David Allison discusses the effects of the apprenticeship levy on business agendas and the challenge employers face in finding the right apprentices.
Whether you like it or not, the apprenticeship levy continues to raise awareness of apprenticeships across a wide range of stakeholders. Some of them have been around the block with the various iterations of skills funding and agencies in the last 20 years, and some are new to the subject of apprenticeships.
Each business that will be paying into the levy is undoubtedly trying to answer one simple question: ‘what does it mean for me?’
There are many answers: financial: ‘how can I get more back than I put in?’; strategic ‘how do I get the right skills for the next 10 years?’; or operational ‘how do I deliver an apprenticeship programme?’
It is up to the FE sector to help more employers take on more young people.
The fact that one version or another of this debate is now happening across the country is a significant opportunity for the FE sector as a whole. There will be a number of employers setting up apprenticeship programmes for the first time, or significantly scaling. Alongside complaints about the apprenticeship ‘tax’, there is also a genuine interest, and in some cases excitement, about the opportunities that the new apprenticeship agenda will open up.
So, the ‘three million apprentices’ target may be wrong and could threaten standards, but to focus on this side of the debate misses the very real opportunity that now exists. It is up to the FE sector to help more employers take on more young people.
The FE, and specifically apprenticeship, sector is about to be exposed to a new and exciting world and within this new world will come new rules. Some of them will be documented (eventually) by the funding agencies, others will be set out by our new customers.
At GetMyFirstJob, we believe that the winners in this marketplace will deliver consistently high levels of service throughout an apprenticeship programme. From the first engagement where programmes are specified and agreed, through the contracting and operational phases, it will no longer be enough simply to be an SFA contract holder. Agreeing and delivering on specific outcomes (and not simply following funding guidelines) will be essential.
All of this is happening at a time when the challenge to engage and recruit high quality candidates is also as hard as it has ever been. Changes to both sixth form and HE funding have led to increased ‘competition’ for learners. So, delivering an outstanding experience to candidates and companies will be needed to deliver the best outcome. It is the recruitment experience that will, after all, be the first real deliverable of the apprenticeship journey.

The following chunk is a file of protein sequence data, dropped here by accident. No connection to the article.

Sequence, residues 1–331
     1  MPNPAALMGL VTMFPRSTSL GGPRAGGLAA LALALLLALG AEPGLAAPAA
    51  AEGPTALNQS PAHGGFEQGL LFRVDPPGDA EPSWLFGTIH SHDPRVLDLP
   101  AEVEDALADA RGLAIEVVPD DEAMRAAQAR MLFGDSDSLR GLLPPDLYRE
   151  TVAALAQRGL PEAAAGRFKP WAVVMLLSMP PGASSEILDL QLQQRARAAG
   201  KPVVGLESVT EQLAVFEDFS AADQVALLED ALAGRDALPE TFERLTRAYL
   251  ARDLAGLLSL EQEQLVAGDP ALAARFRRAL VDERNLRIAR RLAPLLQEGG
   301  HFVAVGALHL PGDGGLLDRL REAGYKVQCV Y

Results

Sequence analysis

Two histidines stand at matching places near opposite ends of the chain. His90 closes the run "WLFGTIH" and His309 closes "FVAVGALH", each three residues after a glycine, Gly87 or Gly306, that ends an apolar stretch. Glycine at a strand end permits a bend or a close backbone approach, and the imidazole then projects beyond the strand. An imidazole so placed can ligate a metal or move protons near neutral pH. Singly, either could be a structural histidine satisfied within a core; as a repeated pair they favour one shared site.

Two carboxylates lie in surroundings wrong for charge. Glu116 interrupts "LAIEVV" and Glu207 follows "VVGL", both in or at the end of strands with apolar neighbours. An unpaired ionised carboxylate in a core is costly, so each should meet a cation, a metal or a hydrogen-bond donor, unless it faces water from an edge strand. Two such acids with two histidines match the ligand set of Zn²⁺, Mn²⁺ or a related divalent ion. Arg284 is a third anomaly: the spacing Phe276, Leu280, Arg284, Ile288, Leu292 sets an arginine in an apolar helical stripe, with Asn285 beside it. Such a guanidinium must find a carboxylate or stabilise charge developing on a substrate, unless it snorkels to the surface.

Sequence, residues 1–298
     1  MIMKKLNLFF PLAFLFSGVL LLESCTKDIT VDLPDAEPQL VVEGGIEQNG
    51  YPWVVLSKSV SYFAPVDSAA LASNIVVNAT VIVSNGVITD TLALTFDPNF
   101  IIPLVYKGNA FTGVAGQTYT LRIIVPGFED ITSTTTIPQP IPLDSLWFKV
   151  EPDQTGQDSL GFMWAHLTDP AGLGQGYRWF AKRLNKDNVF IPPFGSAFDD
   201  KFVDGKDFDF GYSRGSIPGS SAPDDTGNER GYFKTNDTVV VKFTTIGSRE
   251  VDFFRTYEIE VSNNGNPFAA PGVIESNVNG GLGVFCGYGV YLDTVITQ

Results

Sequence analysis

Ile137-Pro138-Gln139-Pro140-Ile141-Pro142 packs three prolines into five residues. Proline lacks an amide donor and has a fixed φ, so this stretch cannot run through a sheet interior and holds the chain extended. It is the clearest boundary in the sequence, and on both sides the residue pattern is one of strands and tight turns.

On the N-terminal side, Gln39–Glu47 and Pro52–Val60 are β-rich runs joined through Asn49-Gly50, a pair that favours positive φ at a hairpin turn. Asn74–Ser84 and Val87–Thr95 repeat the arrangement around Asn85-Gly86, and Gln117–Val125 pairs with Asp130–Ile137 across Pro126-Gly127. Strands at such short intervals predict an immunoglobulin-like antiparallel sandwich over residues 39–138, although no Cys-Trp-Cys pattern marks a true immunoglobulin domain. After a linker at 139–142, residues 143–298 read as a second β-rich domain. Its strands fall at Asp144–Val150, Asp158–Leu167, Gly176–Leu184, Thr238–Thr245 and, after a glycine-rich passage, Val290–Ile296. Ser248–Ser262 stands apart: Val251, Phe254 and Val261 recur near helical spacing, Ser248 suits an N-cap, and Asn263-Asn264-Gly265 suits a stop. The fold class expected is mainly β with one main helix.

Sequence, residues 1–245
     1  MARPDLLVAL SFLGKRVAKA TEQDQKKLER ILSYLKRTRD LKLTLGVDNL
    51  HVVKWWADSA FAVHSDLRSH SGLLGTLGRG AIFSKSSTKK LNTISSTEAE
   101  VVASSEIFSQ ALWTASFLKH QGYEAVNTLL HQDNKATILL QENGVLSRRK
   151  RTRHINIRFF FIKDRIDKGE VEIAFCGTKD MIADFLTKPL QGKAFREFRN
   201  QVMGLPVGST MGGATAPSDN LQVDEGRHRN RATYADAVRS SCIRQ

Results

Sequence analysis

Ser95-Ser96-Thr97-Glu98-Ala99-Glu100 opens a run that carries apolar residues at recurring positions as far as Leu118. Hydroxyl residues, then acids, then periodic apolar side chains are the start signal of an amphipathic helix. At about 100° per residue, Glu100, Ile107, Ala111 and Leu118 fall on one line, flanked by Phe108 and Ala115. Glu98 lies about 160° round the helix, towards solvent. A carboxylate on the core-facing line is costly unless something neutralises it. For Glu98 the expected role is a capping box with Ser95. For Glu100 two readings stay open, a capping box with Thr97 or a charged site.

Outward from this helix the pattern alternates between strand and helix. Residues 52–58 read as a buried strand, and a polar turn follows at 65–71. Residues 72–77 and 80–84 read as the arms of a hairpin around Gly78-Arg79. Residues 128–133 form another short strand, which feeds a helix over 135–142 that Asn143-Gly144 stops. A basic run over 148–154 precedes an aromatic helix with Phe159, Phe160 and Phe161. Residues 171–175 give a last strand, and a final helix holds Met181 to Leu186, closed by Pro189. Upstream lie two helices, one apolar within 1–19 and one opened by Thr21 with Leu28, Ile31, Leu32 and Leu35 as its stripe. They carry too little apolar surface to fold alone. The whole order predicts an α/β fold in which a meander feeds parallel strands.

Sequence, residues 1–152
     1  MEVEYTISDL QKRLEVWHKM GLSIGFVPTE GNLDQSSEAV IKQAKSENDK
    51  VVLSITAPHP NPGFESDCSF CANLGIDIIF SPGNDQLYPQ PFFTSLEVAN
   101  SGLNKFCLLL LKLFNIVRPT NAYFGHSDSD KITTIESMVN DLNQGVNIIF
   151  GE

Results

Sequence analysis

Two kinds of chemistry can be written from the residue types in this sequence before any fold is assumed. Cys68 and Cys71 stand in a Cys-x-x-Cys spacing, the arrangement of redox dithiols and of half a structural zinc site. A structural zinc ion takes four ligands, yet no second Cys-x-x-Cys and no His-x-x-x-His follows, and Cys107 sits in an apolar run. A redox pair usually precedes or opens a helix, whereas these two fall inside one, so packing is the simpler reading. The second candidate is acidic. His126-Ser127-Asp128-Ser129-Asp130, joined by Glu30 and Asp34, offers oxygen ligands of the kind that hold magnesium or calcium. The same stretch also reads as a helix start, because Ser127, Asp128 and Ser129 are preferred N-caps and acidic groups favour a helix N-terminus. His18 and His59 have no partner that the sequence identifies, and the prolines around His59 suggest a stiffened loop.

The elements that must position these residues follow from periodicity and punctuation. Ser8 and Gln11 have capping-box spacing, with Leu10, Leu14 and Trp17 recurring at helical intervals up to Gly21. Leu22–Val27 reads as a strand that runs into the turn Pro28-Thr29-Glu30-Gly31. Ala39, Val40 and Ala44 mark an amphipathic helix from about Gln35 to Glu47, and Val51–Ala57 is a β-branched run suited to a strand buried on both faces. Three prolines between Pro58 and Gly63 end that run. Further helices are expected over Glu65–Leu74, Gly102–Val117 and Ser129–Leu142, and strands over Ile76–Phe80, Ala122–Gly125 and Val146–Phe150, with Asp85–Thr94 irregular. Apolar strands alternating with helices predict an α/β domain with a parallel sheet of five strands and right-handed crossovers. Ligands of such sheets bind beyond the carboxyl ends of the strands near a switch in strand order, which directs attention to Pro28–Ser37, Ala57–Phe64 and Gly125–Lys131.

This experience has to go far beyond a simple communication process. Of course apprenticeship providers should get back to candidates when they apply, of course communication with employers should be accurate and timely. This is surely easy and done by all apprenticeship providers anyway, right? Wrong. Research we conducted recently with members of the Federation of Small Business, amongst others, showed that over 40% of small businesses who had experience of an apprenticeship programme rated the communication process with their provider as unsatisfactory. How many rated it as outstanding? I’m afraid to say 0%.
From working with 150 colleges, employers and training providers, GetMyFirstJob is fully aware of the challenges such establishments face in communicating apprenticeships with this generation of young people and serving up outstanding service to employers. That’s why we’re so pleased to be using our recent £1m investment from City & Guilds and Nesta, to put more focus on helping bridge the gap between young people, training providers and employers. Part of this strategy will include investing heavily in communicating the value of apprenticeships to young people and guiding businesses through the storm of the apprenticeship levy.